Begonia 'Sherbet Bon Bon' - don't blame me, I didn't name it! A trailing variety which flowers all summer, photographed at the Ball Colegrave open day in Adderbury, Oxon, last Friday. I like it.
- The swifts are gone. Only two pairs nested in our roof this year - three less than last year.
- The garden robins have disappeared. Two birds which are my constant companions through the seasons are simply not there any more. I fear disease.
- Anthyllis vulneraria has seeded copiously in my shingle bank and produced a peppering of babes. I'm hoping for an interesting colour range.
- The swallows appear to have had a good season with loads of young.
- More butterflies than ever, this year. More Painted Ladies than the world's largest brothel could boast and at Wisley the other day, a Clouded Yellow. Hurrah!
Well the sun has come out, at last, but I have to say that it rather lacks conviction. Last week's incredibly heavy rain has revived the mildew on our aged perennials and bashed down the last of the big daisies. The late asters and chrysanthemums are weeks away and there is, frankly, b***all to pick for the house other than the late sweet peas which, at last, are delivering. If only I'd grown more, and in a wider variety. The saving grace of my red, pink or white ones is that they smell divine.
Something without a shred of decency or kindness is ruining all our dahlias. I prefer single flowered varieties - you may remember one of my own children here - but their blooms are so much more vulnerable than big doubles. Thus, whenever a thrips (it's one thrips/many thrips. there's no such thing as a 'thrip') or a capsid bug, or one of the loathsome army of pre-pubescent snails that seems to have invaded our patch, arrives at a flower, it is soon ruined, misshapen and ugly.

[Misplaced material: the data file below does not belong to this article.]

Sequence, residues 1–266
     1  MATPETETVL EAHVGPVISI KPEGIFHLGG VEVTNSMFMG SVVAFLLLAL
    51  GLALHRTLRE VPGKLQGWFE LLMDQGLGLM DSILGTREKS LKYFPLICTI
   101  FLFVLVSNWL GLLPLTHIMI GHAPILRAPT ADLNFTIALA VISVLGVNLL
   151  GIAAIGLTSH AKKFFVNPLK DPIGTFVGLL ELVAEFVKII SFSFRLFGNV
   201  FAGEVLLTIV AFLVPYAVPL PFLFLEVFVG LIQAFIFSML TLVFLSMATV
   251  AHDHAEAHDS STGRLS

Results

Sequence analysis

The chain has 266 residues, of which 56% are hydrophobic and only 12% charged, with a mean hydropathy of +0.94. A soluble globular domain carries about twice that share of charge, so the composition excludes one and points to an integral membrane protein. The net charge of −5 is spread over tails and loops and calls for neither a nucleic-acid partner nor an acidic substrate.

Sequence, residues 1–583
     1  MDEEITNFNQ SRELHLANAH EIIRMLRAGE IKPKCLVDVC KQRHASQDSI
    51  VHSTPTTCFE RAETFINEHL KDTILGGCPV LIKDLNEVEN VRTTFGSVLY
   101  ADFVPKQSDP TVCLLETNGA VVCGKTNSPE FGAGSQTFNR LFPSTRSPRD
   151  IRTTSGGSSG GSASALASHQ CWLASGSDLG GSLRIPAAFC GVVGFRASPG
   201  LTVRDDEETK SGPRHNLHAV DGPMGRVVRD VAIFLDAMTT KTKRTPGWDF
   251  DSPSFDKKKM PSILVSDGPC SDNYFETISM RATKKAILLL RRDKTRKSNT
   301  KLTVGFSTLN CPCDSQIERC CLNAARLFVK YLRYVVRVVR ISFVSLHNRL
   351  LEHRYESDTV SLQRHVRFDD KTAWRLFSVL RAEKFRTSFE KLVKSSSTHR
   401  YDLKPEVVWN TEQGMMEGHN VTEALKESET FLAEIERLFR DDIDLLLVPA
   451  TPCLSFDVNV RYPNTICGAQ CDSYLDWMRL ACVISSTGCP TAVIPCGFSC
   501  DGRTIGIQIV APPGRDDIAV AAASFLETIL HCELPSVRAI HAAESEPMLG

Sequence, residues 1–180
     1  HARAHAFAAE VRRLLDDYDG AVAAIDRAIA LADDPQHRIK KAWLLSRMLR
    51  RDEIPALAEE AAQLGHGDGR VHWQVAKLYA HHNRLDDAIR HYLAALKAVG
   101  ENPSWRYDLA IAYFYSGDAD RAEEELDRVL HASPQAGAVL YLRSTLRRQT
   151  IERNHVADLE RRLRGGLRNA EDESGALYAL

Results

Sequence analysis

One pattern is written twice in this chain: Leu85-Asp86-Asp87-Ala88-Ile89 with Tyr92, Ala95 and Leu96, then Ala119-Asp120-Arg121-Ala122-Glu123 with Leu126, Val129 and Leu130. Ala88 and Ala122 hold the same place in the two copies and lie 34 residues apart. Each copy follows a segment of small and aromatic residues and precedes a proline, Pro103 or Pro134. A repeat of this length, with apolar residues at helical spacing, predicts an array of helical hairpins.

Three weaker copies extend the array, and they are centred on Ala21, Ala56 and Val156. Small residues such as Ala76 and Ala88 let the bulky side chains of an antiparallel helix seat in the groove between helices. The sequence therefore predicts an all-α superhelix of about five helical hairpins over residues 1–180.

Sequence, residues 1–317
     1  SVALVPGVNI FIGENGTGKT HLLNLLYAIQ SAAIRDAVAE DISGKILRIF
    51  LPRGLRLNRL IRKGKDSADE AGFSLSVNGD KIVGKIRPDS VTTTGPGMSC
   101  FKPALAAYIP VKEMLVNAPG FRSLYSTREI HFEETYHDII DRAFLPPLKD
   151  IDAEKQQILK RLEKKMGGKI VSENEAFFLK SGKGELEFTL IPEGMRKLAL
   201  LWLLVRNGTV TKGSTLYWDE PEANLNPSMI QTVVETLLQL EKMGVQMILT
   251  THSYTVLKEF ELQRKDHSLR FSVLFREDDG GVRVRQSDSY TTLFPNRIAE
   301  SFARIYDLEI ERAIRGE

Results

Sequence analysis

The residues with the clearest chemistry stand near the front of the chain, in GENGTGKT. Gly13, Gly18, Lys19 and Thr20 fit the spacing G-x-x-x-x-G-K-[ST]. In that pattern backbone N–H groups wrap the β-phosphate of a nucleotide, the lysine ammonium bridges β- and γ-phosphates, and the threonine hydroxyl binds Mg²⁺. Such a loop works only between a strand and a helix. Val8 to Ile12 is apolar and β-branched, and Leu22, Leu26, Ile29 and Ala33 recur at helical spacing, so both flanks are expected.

Some members of the RHS T.O.P Committee, making a fashion statement at Ball Colegrave. Story follows.
One thing I am proud of, though, is the 'lawn.' I vowed, when we moved here, never to feed it and had been concerned that it had developed the habit of turning from green to a rather bilious tint far too early each season. But I was adamant - no feed! The poor water table carries enough nitrogen pollutant in these parts, anyway.
Back in April, this year, I decided to dispense with the grass box on the mower and to allow the mowings to lie on the top. This demands rather more frequent mowing, to avoid clots of damp mowings everywhere, so increased petrol usage may cancel any savings on non-sustainable fertilizer. But the overall effect has been astounding. We are green, my dears, green, green, green! My theory is that the clover is responsible.
Let me explain:
1. Our lawn was about 60%clover, 10% moss and 30% grass with a few flowers. Oh, all right, then, weeds! (In fact, it was a groundsman's nightmare.)
2. Clover fixes nitrogen from the air.
3. The severed clover leaves rot down speedily releasing their newly acquired nitrogen.
4. Ergo - the grass snaps up the N and the lawn goes green, green, green. But the daisies and flowers have reduced - a little, and I'm a bit sad about that.